LOS ANGELES – As the fee fight between Time Warner Cable and CBS threatens to prevent millions of Americans from viewing major sporting events this weekend, fans will be hanging out in bars, hooking up antennas, and firing up laptops to get around the blackout.

Nancy Keiter, a graphic designer in New York, is patching together an unusual TV schedule.

She plans to watch early rounds of the PGA Championship golf tournament on TNT on Saturday and Sunday until 2 p.m. Eastern time. Then, she’ll switch from the TV set to her computer, where she’ll head to PGA.com. The site will follow the featured golfers with live video coverage through the trophy ceremony.

Still, Keiter is peeved that she can’t watch the action the normal way: by switching to CBS on her TV.

“I have my fingers crossed that cooler heads will prevail,” she said in an email interview. “I think it is so rich that CBS and Time Warner say they have the ‘best interests’ of the viewers in mind. Please. This is about money and shareholders, not about the viewer!”

Both CBS and Time Warner appear to be hunkered down for the long haul. Their fight is over how much Time Warner Cable pays for CBS programming and how much of the network’s content it can use online. Since they couldn’t agree, about 3 million cable subscribers in New York, Los Angeles and Dallas have been without CBS programming since Aug. 2.

Although both companies say negotiations are ongoing, top spokespeople for both companies were away on Friday and weren’t expected back for the remainder of the weekend. Time Warner Cable sent out a press release Thursday detailing how consumers could find sports and other CBS programming in other ways.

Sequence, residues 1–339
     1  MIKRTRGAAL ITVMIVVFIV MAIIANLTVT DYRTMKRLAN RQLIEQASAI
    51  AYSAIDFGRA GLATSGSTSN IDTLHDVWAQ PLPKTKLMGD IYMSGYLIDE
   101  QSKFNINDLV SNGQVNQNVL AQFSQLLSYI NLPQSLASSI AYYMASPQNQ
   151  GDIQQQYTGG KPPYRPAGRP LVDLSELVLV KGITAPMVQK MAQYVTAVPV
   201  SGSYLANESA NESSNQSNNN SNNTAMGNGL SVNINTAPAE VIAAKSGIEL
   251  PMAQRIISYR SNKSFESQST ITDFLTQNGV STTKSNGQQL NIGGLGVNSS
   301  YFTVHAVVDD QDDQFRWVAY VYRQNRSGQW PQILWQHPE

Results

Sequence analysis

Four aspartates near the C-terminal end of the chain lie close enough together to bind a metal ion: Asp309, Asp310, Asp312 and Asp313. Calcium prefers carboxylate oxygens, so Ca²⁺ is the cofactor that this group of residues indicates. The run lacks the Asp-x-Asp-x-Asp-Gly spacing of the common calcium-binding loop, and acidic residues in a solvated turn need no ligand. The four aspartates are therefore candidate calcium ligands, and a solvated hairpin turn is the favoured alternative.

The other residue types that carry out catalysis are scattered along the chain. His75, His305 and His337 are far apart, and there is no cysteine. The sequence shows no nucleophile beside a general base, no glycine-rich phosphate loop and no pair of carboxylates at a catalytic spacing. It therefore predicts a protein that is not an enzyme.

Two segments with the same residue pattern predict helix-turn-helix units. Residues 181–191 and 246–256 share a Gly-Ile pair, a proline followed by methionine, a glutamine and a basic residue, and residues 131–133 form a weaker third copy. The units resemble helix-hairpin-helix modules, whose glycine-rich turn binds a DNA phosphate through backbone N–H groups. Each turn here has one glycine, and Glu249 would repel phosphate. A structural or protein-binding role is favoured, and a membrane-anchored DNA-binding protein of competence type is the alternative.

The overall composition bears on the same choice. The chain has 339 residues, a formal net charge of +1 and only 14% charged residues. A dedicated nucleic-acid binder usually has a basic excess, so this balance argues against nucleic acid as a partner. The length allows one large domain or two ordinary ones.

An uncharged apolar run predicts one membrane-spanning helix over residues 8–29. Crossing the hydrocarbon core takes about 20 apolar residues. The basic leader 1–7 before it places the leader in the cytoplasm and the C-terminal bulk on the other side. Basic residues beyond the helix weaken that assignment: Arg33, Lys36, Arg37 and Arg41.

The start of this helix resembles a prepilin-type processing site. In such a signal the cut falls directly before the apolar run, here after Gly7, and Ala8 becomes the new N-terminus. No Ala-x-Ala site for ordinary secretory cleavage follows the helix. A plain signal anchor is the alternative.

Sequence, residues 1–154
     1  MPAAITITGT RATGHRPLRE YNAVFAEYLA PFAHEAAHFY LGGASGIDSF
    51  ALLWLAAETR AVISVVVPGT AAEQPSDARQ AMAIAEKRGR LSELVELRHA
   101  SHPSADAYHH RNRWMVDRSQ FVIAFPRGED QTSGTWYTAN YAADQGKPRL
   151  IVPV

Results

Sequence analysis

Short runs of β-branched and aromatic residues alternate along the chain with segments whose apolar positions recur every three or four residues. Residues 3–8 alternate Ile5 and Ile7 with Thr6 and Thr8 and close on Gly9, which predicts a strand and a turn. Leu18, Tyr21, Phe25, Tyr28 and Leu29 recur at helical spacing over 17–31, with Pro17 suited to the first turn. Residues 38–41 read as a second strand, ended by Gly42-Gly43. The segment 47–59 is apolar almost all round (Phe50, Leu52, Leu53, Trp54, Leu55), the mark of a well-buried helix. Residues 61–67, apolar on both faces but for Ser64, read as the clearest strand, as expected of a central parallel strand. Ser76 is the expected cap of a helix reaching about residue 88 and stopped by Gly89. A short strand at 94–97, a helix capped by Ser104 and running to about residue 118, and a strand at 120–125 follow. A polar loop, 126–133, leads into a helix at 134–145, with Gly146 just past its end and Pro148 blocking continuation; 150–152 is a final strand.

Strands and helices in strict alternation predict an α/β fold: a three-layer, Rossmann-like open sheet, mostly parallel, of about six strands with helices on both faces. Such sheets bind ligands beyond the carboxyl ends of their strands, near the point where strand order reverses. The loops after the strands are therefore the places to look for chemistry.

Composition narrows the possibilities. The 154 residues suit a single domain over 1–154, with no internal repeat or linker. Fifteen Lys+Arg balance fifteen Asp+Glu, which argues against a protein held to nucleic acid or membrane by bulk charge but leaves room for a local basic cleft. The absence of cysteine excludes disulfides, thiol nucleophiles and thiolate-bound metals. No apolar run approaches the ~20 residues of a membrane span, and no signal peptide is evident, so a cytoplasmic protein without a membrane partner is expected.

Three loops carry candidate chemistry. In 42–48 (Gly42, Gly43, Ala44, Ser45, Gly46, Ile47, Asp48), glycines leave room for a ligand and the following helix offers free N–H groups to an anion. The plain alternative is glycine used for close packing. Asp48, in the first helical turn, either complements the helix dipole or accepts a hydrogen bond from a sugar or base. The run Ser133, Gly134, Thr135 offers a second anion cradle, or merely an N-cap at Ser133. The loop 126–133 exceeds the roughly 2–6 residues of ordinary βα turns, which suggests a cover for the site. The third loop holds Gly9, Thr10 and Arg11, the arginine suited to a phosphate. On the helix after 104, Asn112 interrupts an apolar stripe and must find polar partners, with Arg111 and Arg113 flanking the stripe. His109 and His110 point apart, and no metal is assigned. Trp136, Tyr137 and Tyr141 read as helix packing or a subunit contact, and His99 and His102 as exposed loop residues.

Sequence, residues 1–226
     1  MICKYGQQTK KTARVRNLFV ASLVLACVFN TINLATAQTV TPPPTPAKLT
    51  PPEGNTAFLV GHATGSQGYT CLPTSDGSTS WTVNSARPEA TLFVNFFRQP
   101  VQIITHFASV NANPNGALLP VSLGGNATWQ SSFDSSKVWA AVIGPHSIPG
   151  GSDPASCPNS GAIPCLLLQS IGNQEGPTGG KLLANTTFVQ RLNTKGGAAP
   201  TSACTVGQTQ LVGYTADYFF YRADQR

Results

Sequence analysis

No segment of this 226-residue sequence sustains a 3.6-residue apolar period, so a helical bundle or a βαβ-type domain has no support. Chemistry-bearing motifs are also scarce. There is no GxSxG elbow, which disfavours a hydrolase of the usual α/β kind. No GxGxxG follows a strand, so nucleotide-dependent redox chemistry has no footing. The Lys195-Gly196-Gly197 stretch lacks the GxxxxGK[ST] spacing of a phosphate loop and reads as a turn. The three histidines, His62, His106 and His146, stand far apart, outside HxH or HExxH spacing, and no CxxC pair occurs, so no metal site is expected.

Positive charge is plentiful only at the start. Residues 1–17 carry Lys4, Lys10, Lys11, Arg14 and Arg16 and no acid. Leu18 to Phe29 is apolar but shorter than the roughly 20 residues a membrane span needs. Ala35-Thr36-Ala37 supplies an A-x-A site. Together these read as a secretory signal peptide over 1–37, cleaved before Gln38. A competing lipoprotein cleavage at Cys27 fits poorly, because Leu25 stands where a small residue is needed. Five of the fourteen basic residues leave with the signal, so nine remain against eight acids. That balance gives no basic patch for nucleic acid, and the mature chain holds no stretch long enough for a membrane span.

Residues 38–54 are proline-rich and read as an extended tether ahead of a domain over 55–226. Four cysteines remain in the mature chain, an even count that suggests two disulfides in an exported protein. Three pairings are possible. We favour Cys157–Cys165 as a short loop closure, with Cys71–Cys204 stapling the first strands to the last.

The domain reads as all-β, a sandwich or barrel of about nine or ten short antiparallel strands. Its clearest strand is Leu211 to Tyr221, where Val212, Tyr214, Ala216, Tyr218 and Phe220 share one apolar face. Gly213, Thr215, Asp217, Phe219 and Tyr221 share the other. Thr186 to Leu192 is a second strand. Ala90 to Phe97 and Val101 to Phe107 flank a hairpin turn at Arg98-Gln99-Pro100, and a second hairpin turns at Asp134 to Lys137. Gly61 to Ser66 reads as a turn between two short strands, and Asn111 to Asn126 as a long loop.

In New York, the cable operator has recommended signing up for a month-long free trial of Aereo, which transmits CBS signals to laptops, tablets, mobile devices and computers, for $8 a month. People with a relatively unobstructed view of a TV tower can buy and hook up a digital antenna to catch free over-the-air broadcasts on their own.

Fans of CBS show “Under the Dome” can watch new episodes online four days after their original air date by signing up for Amazon.com’s $79-a-year Prime shipping and video service. Amazon Prime video is watchable on computers, mobile devices and through the TV using connected gadgets such as Roku devices or Xbox game consoles.

Other CBS shows such as “Big Brother” are available for free on the CBS mobile app and CBS.com the day after airing, as long as customers are not using an Internet connection provided by Time Warner Cable, because CBS has blocked video to those using an IP address from the cable operator. Live golf coverage will be available on CBSSports.com with the same restriction.

Full replays of the final two rounds will be aired on the CBS Sports Network channel, which was not blocked out.

Cable subscribers looking to work around the Internet blockade can go to a cafe for free Wi-Fi, or run the app using a personal wireless data plan on a cellphone or tablet.

Paul Scoptur, a lawyer in Wauwatosa, Wis., who is suing Time Warner Cable for a similar blackout in southeastern Wisconsin, plans to catch the Green Bay Packers’ first preseason game Friday night against Arizona with an awkward workaround.

He’ll watch the game on Spanish-language Telemundo with the volume turned down, and listen to the play-by-play — in English — on AM radio.

“I blame Time Warner because that’s who my contract is with,” said Scoptur. “There’s a lot of people situated like myself who are just ticked off.”


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